Starting with this issue, EC&M just got bigger — a lot bigger! The magazine now reaches 145,000 electrical professionals every month. That's a 45% increase in our readership base. What does this mean to you? If you're an existing EC&M reader, you'll be pleased to learn that the circulation increase will allow us to expand our editorial coverage into new markets. For our new readers, I'd like to welcome you to our magazine. I'm confident our editorial team will serve you well.

So what's behind this change? After careful consideration, our publisher and executive management team determined that by combining the strengths of EC&M and CEE News, we could better serve the needs of our readers and advertisers through a single publication. Therefore, CEE News will cease publication (as of the September 2002 issue), and EC&M will absorb 50% of its circulation into our new subscriber base. Starting with this issue, EC&M will reach 85,000 subscribers in electrical contractor firms, 35,000 in industrial plants and commercial/institutional facilities, and 25,000 consulting electrical engineers.

As we finish this year, the “new” EC&M will expand its coverage to include the residential and light commercial construction and low-voltage design, installation, and maintenance markets. These changes will allow us to broaden our reach and build upon our roots in the industrial design, construction and maintenance markets. Here's a rundown of the new items we'll add to our already powerful lineup.

  • Market Watch — A one-page department focusing on the latest trends in the electrical market.

  • Product of the Month — An expanded product review on one item that the EC&M editorial team deems a “must see.”

  • Power Quality Advisor — A special section devoted specifically to power quality, including a new one-page department (Ask the Experts) devoted to providing answers to your power quality questions; a monthly column (Inside PQ) focused on standards updates, head-to-head test results, investigative methods/techniques and conference reports; our existing monthly column (PQ Corner) that discusses the application of various PQ technologies; and power quality products section.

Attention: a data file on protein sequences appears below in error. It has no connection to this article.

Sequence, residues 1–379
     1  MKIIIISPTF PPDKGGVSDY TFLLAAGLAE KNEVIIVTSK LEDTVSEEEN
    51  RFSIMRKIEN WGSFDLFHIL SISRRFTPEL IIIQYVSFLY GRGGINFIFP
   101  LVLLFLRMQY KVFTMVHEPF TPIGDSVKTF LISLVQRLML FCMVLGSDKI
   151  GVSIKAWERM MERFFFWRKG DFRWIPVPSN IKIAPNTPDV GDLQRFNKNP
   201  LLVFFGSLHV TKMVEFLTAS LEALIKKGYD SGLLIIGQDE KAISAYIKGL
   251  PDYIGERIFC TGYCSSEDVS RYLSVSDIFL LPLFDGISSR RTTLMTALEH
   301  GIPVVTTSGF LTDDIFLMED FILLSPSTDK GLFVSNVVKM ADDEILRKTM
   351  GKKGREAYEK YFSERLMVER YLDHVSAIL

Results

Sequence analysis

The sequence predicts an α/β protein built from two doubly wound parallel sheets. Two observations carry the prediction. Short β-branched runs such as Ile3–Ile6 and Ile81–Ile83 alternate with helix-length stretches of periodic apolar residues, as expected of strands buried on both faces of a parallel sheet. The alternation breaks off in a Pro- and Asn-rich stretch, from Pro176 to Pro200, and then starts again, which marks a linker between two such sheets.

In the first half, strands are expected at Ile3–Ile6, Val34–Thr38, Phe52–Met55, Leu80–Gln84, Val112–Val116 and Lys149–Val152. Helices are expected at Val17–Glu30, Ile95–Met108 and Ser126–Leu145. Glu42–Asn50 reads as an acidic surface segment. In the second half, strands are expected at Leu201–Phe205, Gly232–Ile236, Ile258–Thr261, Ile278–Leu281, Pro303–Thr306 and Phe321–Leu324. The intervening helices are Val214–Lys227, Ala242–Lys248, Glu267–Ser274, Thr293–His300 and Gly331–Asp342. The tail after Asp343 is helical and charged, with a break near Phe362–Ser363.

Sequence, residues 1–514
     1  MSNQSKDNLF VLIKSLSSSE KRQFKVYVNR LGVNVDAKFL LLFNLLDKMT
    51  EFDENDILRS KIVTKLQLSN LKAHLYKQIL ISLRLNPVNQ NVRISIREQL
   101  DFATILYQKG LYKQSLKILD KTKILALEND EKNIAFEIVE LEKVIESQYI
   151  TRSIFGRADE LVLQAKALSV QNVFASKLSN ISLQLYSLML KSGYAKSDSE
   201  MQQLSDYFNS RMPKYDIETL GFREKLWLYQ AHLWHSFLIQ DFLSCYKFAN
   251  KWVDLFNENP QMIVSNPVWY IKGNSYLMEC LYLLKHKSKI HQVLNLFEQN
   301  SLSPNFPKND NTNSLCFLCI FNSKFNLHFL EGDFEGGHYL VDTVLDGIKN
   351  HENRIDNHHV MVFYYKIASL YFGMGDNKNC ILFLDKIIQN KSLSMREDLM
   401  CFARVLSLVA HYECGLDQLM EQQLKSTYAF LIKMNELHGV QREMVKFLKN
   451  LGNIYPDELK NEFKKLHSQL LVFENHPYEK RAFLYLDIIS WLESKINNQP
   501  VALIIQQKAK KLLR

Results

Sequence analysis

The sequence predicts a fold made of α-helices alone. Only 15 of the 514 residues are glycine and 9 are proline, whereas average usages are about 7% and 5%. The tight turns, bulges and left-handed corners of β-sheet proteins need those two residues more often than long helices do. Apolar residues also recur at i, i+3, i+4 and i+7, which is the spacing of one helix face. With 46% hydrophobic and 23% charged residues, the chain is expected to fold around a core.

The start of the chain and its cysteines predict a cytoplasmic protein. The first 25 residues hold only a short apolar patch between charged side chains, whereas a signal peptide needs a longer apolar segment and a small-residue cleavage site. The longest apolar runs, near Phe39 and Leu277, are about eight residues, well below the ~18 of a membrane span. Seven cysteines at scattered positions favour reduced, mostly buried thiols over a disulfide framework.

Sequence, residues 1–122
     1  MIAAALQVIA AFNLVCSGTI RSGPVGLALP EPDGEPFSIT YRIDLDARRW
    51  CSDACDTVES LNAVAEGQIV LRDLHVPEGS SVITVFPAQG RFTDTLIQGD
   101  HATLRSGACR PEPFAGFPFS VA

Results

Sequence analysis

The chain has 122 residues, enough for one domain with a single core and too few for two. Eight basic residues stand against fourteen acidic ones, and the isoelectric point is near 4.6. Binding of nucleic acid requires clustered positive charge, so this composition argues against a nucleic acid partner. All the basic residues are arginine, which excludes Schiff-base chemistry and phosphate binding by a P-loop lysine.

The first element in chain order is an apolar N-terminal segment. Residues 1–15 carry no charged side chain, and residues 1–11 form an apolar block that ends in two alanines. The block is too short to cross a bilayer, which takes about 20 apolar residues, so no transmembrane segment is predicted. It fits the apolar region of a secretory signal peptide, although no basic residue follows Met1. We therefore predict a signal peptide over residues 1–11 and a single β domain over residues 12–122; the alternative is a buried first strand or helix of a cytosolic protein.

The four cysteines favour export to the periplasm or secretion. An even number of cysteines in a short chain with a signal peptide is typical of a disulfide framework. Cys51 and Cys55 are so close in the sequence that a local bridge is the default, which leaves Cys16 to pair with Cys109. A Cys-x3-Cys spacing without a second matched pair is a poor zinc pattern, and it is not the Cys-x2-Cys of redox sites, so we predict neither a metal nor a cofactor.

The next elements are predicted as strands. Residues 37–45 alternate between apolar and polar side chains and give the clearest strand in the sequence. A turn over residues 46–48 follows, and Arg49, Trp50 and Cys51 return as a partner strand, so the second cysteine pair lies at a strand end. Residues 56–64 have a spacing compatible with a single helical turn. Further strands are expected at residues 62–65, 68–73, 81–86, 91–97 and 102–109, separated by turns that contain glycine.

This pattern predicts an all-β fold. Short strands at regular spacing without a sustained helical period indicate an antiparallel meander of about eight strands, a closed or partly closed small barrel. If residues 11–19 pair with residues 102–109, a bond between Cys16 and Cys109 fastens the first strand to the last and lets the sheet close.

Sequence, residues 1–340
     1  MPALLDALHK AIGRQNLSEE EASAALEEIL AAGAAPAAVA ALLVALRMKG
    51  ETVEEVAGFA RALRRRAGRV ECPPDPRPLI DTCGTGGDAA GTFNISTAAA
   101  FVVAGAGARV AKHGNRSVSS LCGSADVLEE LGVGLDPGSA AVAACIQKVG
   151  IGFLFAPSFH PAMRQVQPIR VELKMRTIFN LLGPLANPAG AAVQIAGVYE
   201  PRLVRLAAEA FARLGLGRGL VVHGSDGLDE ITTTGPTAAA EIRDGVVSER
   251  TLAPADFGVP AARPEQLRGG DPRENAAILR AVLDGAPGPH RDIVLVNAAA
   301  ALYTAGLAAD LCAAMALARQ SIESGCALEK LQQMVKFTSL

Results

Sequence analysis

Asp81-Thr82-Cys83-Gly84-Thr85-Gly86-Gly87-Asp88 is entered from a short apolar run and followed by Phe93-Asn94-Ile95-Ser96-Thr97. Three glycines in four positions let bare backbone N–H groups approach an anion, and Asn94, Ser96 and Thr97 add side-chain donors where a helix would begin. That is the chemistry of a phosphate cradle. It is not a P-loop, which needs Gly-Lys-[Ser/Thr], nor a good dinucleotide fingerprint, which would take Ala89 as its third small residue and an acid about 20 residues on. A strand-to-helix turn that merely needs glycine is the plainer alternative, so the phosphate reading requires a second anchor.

• Construction Watch — A one-page department focusing on the latest trends in construction.

  • A series of articles devoted to Structured Wiring for the Home.

  • What's Wrong Here? — An interactive Code item designed to challenge your knowledge of the NEC.

In addition to these regularly scheduled items, you'll have several special reports to look forward to in 2003 like the Top 40 Electrical Design Firms; Top 50 Electrical Contractors; Profiles of the 10 Biggest Construction Projects in the U.S.; ElectroForecast 2004; and Markets to Watch in 2004. You'll also notice some changes to the look of the magazine in the coming months as we redesign for the new year.

So for those of you who are long-time EC&M readers, get ready to have greater access to even more of the latest news and technology updates you've come to expect from the premiere publication in the electrical industry. And for those of you getting EC&M for the first time, let me be the first to welcome you — we hope we find a prominent spot on your must-read list of trade journals every month.

Drop me an e-mail at and let me know what you think about the new EC&M.